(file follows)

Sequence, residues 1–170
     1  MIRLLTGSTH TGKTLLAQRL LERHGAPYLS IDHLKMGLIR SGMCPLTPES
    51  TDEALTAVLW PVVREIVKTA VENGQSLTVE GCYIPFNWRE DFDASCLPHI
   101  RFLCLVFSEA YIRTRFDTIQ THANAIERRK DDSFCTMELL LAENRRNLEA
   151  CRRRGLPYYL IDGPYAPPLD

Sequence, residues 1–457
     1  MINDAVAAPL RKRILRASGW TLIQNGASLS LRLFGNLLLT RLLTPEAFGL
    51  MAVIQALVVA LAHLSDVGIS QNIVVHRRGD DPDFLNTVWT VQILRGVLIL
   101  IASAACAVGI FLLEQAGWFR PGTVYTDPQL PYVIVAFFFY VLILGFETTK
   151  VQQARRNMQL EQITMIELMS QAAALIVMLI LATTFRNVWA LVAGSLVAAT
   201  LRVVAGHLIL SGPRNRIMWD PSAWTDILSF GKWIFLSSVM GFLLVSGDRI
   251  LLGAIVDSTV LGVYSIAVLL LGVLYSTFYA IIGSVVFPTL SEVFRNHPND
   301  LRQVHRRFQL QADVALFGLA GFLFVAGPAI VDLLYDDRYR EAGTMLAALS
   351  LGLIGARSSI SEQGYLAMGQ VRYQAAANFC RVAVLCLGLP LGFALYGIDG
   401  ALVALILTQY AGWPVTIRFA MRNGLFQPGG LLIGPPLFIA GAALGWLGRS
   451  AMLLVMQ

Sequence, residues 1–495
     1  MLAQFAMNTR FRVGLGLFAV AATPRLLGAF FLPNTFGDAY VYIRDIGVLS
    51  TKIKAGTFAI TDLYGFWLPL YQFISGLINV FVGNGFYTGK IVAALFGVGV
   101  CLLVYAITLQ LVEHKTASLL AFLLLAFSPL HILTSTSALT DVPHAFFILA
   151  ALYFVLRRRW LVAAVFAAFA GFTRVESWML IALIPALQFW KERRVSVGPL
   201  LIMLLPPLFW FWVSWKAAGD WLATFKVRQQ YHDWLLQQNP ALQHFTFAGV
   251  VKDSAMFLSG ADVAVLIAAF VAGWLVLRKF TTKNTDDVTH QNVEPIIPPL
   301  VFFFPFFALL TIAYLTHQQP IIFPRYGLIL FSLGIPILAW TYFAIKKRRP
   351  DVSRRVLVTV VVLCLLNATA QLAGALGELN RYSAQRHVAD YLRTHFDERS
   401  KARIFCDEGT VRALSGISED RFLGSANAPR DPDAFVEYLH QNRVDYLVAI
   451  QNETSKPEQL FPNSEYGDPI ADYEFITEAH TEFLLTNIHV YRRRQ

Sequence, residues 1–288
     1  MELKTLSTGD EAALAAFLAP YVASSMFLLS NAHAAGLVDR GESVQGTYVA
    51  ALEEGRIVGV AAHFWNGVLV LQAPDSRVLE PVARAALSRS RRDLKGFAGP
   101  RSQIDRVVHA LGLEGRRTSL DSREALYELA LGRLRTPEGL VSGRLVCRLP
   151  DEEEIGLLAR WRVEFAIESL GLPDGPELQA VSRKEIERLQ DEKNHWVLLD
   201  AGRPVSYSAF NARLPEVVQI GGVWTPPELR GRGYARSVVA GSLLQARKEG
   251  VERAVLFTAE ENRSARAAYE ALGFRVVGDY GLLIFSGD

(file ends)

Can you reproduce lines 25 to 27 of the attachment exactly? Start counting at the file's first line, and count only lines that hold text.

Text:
   351  DVSRRVLVTV VVLCLLNATA QLAGALGELN RYSAQRHVAD YLRTHFDERS
   401  KARIFCDEGT VRALSGISED RFLGSANAPR DPDAFVEYLH QNRVDYLVAI
   451  QNETSKPEQL FPNSEYGDPI ADYEFITEAH TEFLLTNIHV YRRRQ